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Check the manufacturer’s datasheet to confirm that the antibody has been tested in IHC-paraffin. If the antibody has not been tested in IHC-paraffin but in another method such as IHC-frozen, do not assume that the antibody will automatically work in IHC-paraffin
Consider using a polyclonal antibody when first establishing an IHC protocol. Although antigen retrieval is possible, the efficiency of the process is variable and certain epitopes might still remain inaccessible. Therefore a polyclonal antibody, which recognizes a multitude of epitopes due to its heterogeneous nature, provides a definite advantage over a monoclonal antibody which recognizes a single epitope. However, monoclonal antibodies have the advantage of batch-to-batch consistency and specificity, which often leads to lower background staining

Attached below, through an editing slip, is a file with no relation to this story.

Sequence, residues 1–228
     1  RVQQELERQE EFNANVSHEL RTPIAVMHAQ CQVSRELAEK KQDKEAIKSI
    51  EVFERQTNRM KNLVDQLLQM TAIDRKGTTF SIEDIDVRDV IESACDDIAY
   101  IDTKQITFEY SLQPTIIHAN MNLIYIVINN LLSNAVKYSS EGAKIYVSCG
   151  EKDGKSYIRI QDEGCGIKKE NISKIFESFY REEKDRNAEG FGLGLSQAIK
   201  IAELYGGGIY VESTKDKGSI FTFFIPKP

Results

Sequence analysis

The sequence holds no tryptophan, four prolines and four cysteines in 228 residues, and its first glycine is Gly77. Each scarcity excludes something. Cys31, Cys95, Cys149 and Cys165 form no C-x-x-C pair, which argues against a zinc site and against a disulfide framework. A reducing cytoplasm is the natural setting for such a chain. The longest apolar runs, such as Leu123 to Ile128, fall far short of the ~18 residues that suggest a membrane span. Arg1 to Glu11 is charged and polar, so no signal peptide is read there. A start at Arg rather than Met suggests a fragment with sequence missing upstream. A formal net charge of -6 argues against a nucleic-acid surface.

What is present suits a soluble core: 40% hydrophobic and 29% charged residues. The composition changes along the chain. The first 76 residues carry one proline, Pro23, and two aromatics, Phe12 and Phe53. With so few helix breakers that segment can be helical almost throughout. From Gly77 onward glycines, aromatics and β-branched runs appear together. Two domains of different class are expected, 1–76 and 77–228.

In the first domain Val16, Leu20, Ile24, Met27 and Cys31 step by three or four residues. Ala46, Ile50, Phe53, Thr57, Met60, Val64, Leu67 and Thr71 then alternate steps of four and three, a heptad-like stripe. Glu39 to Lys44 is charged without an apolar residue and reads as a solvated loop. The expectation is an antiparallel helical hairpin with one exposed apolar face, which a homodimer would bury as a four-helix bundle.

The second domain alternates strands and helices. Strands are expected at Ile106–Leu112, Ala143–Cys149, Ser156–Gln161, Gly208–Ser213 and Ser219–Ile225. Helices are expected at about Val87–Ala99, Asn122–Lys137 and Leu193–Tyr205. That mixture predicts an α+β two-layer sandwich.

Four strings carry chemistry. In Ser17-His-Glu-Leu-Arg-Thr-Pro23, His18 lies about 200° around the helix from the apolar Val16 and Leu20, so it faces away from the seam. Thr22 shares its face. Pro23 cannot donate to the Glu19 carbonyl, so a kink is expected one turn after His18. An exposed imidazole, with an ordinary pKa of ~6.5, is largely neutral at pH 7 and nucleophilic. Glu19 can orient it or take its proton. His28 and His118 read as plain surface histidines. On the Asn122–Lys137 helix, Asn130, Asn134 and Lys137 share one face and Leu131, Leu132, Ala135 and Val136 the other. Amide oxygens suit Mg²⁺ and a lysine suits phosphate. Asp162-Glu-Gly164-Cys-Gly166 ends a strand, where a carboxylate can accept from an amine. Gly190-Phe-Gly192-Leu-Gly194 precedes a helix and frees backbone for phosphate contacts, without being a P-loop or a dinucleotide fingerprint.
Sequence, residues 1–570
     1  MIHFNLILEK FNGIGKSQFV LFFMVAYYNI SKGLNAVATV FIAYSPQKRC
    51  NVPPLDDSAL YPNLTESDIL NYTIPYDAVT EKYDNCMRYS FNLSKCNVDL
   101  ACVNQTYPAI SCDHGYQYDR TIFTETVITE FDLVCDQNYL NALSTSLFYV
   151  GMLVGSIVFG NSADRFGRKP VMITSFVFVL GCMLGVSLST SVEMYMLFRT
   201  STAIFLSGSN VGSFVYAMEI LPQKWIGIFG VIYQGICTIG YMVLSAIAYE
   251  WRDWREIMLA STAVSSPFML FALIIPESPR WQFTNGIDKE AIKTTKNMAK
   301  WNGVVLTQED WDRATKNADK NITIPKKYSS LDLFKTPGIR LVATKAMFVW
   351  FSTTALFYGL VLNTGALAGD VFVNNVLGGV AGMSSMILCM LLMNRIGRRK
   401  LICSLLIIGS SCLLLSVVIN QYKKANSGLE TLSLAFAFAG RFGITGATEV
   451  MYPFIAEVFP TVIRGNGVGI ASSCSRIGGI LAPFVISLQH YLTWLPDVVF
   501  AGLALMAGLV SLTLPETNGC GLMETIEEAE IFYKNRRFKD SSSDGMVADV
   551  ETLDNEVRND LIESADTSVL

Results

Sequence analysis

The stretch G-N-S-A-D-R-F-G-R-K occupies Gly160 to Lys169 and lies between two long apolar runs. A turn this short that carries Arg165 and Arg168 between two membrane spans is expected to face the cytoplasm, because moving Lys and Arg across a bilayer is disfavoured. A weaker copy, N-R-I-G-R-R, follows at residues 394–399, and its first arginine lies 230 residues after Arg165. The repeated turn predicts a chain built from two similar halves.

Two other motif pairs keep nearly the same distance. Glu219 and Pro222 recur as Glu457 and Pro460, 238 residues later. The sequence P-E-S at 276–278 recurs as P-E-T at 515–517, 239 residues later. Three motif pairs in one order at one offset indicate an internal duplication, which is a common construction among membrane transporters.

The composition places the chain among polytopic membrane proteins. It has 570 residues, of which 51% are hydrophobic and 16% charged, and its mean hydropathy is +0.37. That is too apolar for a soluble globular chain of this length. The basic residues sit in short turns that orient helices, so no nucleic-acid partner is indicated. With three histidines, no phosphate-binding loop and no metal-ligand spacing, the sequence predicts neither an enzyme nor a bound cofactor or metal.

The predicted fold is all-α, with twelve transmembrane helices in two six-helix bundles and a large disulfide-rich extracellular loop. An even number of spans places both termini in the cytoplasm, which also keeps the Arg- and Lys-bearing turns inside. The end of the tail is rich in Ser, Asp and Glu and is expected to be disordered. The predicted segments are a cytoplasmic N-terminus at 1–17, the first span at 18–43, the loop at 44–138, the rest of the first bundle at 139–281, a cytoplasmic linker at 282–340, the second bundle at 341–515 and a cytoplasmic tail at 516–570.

Prior to performing the experiment, perform a literature search to determine the spatiotemporal localization of your protein of interest (in healthy and diseased tissue). For a preview of the expected staining pattern, the antibody datasheet or other web resources may also be consulted. Knowledge of the localization patterns also assists in selecting the optimal counterstain
When using an antibody for the first time, always determine the optimal antibody dilution by titrating the antibody. You may also want to test different incubation periods and temperature conditions (4°C versus RT or 37°C)
Should you encounter high background staining or suspect your primary antibody to be non-specific, consider including a concentration matched isotype control antibody (for example Mouse IgG2b Negative Control MCA691XZ) or pre-immune serum in your experimental design